Strange Islands.



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My life as a scrapbook.






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Zacuto’s Almanach perpetuum helped immediately revolutionize ocean navigation.

Zacuto developed a new type of astrolabe, specialized for practical determination of latitude while at sea, in contrast to earlier multipurpose devices intended for use ashore. Abraham Zacuto’s principal claim to fame is the great astronomical treatise, written while he was in Salamanca, in Hebrew, with the title Ha-ḥibbur ha-gadol (“The Great Book”), begun around 1470 and completed in 1478.

 

Zacuto’s Almanach perpetuum helped immediately revolutionize ocean navigation.

Zacuto developed a new type of astrolabe, specialized for practical determination of latitude while at sea, in contrast to earlier multipurpose devices intended for use ashore. Abraham Zacuto’s principal claim to fame is the great astronomical treatise, written while he was in Salamanca, in Hebrew, with the title Ha-ḥibbur ha-gadol (“The Great Book”), begun around 1470 and completed in 1478.

 

12:38 pm, by jamreilly1 note Comments




Hiroshige : Fireworks at Ryōgoku

 

Hiroshige : Fireworks at Ryōgoku

 


There is not often much success for the things you do through the eyes of others.

Livy

via the Adages of Erasmus.

edited by Margaret Mann Phillips (1967).


01:34 pm, by jamreilly5 notes Comments



Figure of the heavenly bodies — An illustration of the Ptolemaic geocentric system by Portuguese cosmographer and cartographer Bartolomeu Velho, 1568 (Bibliothèque Nationale, Paris)
via

Figure of the heavenly bodies — An illustration of the Ptolemaic geocentric system by Portuguese cosmographer and cartographer Bartolomeu Velho, 1568 (Bibliothèque Nationale, Paris)

via

08:58 pm, by jamreilly2 notes Comments



endilletante:

sans titre [Polish record sleeve] by pantuniestal on Flickr.

endilletante:

sans titre [Polish record sleeve] by pantuniestal on Flickr.


The Joyless Economy suggested that our freely chosen ends may be
the very source of our unhappiness. Scitovsky (1976) wrote:

We gradually dismantled the Laws of God and came to believe in man as the final arbiter of what is best for him. That was a bold idea and a proud assumption, but it set back for generations all scientific inquiry into consumer behavior, for it seemed to rule out—as a logical impossibility—any conflict between what man chooses to get and what will best satisfy him.

Preferences Or Happiness? Tibor Scitovsky’s Psychology Of Human Needs

10:11 pm, by jamreilly1 note Comments

The mind and the body are one and the same thing, which is conceived now under the attribute of thought, now under the attribute of extension.

- Baruch Spinoza (1632 - 1677).

Ethics, (part 2, proposition 21, scholium).


06:26 pm, by jamreilly3 notes Comments



Landschap met val van Icarus
(Landscape with the Fall of Icarus)
Pieter Brueghel the Elder (circa. 1558)
via wikiP

Landschap met val van Icarus

(Landscape with the Fall of Icarus)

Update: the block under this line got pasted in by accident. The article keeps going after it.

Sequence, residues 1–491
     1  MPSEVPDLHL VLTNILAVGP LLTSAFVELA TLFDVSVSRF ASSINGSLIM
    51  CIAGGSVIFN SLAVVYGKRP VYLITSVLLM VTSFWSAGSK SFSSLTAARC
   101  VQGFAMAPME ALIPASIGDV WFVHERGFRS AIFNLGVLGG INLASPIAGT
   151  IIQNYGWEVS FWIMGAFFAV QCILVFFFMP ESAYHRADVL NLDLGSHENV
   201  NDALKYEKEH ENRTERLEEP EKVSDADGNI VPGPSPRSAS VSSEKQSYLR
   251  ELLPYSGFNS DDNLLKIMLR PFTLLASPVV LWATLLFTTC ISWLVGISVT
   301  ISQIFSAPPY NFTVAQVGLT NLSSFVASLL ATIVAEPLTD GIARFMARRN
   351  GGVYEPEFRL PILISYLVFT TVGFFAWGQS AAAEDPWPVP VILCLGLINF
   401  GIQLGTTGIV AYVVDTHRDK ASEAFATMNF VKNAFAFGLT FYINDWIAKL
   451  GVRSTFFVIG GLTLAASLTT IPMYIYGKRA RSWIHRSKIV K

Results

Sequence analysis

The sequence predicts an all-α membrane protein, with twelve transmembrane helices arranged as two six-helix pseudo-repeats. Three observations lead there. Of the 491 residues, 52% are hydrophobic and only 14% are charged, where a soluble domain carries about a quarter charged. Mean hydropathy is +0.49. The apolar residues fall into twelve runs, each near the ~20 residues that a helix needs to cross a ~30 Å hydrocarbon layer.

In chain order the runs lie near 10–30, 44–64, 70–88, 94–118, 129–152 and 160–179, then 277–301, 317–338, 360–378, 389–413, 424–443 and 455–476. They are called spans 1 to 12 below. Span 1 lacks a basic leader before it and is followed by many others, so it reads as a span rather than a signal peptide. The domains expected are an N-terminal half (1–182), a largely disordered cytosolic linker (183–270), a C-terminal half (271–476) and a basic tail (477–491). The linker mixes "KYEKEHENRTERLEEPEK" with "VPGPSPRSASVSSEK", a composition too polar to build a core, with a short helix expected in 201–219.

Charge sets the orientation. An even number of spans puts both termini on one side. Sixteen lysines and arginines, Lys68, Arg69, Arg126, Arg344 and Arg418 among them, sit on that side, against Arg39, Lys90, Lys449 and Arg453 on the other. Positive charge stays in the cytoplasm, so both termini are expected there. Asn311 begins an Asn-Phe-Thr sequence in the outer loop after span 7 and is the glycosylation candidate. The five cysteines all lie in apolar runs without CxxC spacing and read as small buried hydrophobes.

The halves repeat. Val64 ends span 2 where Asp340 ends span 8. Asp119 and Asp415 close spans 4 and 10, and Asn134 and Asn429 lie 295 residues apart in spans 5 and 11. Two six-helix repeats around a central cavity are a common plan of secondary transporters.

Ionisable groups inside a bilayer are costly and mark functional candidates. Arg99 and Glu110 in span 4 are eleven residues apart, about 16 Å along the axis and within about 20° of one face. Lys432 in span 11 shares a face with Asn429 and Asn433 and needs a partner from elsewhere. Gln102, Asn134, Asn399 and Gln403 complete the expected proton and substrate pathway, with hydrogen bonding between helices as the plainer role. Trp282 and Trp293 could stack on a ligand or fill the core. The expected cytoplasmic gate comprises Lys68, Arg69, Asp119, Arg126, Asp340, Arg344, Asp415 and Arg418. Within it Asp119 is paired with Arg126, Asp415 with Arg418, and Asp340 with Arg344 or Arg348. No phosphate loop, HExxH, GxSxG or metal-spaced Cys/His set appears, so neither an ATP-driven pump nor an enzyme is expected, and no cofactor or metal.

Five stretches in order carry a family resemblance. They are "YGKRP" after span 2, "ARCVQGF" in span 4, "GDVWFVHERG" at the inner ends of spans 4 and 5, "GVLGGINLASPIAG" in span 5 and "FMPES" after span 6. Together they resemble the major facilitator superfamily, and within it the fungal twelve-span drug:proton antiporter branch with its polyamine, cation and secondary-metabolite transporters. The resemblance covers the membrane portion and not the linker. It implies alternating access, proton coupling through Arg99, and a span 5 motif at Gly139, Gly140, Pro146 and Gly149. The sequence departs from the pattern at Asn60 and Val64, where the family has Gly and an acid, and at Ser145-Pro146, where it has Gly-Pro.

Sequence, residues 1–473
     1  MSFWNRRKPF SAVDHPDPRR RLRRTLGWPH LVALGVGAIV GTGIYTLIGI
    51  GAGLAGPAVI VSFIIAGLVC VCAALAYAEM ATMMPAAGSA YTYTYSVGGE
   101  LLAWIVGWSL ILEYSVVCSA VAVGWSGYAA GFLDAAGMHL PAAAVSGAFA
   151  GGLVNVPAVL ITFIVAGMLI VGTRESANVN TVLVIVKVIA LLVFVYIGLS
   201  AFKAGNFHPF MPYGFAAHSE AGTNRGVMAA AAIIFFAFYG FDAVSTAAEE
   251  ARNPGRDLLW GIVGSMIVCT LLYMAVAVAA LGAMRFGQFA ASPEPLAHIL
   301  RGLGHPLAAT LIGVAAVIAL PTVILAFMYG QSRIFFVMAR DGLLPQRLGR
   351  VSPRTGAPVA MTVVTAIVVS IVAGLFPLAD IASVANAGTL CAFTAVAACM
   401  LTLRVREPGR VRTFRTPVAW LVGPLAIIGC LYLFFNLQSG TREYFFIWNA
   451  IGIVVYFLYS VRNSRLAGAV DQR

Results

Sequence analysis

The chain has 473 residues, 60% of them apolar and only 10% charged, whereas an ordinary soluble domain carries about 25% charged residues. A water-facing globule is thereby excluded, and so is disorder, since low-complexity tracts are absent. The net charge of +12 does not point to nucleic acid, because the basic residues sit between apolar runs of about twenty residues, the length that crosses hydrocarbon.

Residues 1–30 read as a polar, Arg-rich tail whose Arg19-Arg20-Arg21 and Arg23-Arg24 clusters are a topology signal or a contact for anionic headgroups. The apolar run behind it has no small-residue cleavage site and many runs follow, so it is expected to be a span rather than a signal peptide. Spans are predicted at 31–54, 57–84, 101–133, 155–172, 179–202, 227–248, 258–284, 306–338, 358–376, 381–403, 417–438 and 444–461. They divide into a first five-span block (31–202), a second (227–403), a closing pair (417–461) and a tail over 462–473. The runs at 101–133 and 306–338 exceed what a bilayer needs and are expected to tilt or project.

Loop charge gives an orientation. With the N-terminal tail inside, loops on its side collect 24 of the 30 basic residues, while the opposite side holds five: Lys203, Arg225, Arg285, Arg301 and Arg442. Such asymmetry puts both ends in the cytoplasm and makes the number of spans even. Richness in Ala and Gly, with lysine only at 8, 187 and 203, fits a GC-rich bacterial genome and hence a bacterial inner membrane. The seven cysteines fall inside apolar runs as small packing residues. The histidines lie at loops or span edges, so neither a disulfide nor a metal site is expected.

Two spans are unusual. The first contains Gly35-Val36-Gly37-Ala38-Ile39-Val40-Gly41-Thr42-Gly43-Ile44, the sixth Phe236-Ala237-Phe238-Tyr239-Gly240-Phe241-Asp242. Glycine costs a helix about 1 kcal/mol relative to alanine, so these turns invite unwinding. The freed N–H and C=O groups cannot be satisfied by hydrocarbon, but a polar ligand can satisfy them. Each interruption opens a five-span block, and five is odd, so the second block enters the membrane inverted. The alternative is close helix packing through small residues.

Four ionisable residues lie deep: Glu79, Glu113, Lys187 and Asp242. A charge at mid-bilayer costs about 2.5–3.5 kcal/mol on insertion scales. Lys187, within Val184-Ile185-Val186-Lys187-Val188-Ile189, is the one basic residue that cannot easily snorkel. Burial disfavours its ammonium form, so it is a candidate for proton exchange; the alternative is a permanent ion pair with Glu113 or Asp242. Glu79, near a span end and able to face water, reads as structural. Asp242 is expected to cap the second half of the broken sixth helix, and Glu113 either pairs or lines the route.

Pieter Brueghel the Elder (circa. 1558)

via wikiP

06:22 pm, by jamreilly5 notes Comments

Descartes was no fool; by parsing reality into the res extensa and res cogitans he captured something critical about human experience. You do not need to be a hard-core dualist to imagine that subjective experience might not be amenable to mathematical law. For Douglas, ‘the attempt to force experience into logical categories of non-contradiction’ is the ‘final paradox’ of an obsessive search for purity. ‘But experience is not amenable [to this narrowing],’ she insists, and ‘those who make the attempt find themselves led into contradictions.’

Quintessentially, the qualities that are amenable to quantification are those that are shared. All electrons are essentially the same: given a set of physical circumstances, every electron will behave like any other. But humans are not like this. It is our individuality that makes us so infuriatingly human, and when science attempts to reduce us to the status of electrons it is no wonder that professors of literature scoff.


02:57 pm, by jamreilly122 notes Comments

09:02 pm, by jamreilly7 notes Comments

Imaginary time may sound like science fiction, and it has been brought into Doctor Who. But nevertheless, it is a genuine scientific concept. One can picture it in the following way. One can think of ordinary, real, time as a horizontal line. On the left, one has the past, and on the right, the future. But there’s another kind of time in the vertical direction. This is called imaginary time, because it is not the kind of time we normally experience. But in a sense, it is just as real, as what we call real time.
The three directions in space, and the one direction of imaginary time, make up what is called a Euclidean space-time.

06:52 pm, by jamreilly1 note Comments

07:21 pm, by jamreilly2 notes Comments



European Bramble
from the Vienna Dioscurides, 6th-century C.E.

European Bramble

from the Vienna Dioscurides6th-century C.E.

06:35 pm, by jamreilly1 note Comments

Well, then, someone who thinks that he can set down an art in writing, and equally someone who accepts something from writing as though it were going to be clear and reliable, must be very simple-minded ..
You know, Phaedrus, writing shares a strange feature with painting. The offspring of painting stand there as if they were alive, but if anyone asks them anything, they are solemnly silent. The same is true of written words. You’d think they were speaking as if they had some understanding, but if you question anything that has been said because you want to learn more, it gives just the same answer over and over.

Plato - Phaedrus (c.370 BC)

Translation by Bernard Williams.


07:59 pm, by jamreilly1 note Comments

From Fritz Der Wolkenfahrer 
via 50Watts: Stopping Off Place

From Fritz Der Wolkenfahrer 

via 50Watts: Stopping Off Place

03:46 pm, by jamreilly2 notes Comments